The Privacy Commissioner of Canada released a "guidance document" today explaining why he feels it best that Canadians use cash when purchasing marijuana, even at legal and licensed dispensaries. The guideline also advises Canadians to provide as little personal information as possible when making purchases of marijuana.
Marijuana became legal in Canada this past October, and while most Canadians were more than pleased with the choice by the federal government, there have been a handful of hiccups.
TL;DR The Privacy Commissioner of Canada has advised Canadians to be especially cautious with their personal information when it comes to purchasing marijuana. Among the advice is a suggestion to make purchases with cash to avoid proof of payment at a dispensary.
Because cannabis is an illegal substance in most other countries, the personal information of Canadians who are making legal purchases within Canada is very "sensitive," according to the guide.
This sensitivity is, of course, due to the fact that countries can deny entry to Canadian citizens if they know they have purchased cannabis, even if it was purchased within the limits of the Canadian law.
This of course is most pertinent to Canadians travelling to the United States. Because marijuana has not been legalized by the federal American government, Canadians who have purchased marijuana can still be under scrutiny at the border, and can certainly be turned away.
Ambiguity about the spread of personal data through legal marijuana purchases is exactly why the Privacy Commissioner has released this document — while any personal information collected should be kept private at all times, it can be difficult to ensure.
Under the Personal Information Protection and Electronic Documents Act, retailers are required to inform individuals about "what personal information is being collected, to which parties it will be disclosed, the purposes for its collection, and any residual risks of harm" to the customer.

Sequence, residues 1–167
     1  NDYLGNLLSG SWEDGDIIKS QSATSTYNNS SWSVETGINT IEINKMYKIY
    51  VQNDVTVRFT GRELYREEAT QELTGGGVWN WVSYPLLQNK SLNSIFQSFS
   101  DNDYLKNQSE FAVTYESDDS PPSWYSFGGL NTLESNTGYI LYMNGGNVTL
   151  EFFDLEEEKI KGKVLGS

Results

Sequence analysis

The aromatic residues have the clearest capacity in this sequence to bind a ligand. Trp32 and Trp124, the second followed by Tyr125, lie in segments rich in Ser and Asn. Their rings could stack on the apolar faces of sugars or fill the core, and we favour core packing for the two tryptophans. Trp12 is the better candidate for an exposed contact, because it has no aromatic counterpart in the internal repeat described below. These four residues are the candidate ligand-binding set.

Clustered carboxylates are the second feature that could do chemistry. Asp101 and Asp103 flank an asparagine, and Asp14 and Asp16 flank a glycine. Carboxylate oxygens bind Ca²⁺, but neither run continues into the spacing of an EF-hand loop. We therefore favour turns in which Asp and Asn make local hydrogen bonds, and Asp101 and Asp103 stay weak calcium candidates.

The guide is clear that while marijuana dispensaries are required to confirm the age of customers before purchase, there is no reason to record this information. Moreover, because marijuana has been legalized recreationally, customers should not feel the need to provide medicinal information upon purchase.
With that said, a retailer cannot avoid collecting personal information when completing a transaction with a credit card. As we all know, "a purchase made using a credit card would involve the collection of the credit card number and cardholder’s name."
This is also the case with a mailing list or a membership club, where a retailer might choose to collect an e-mail address associated with the customer. The privacy guideline suggests that retailers "consider only collecting the minimum amount of personal information required for mailing lists or memberships."
The guideline also makes reference to the safety of online information, going so far as to advise consumers to "ask retailers whether they store [...] personal information on servers outside of Canada," inevitably implying that the safety of information stored on international servers may run the risk of being compromised.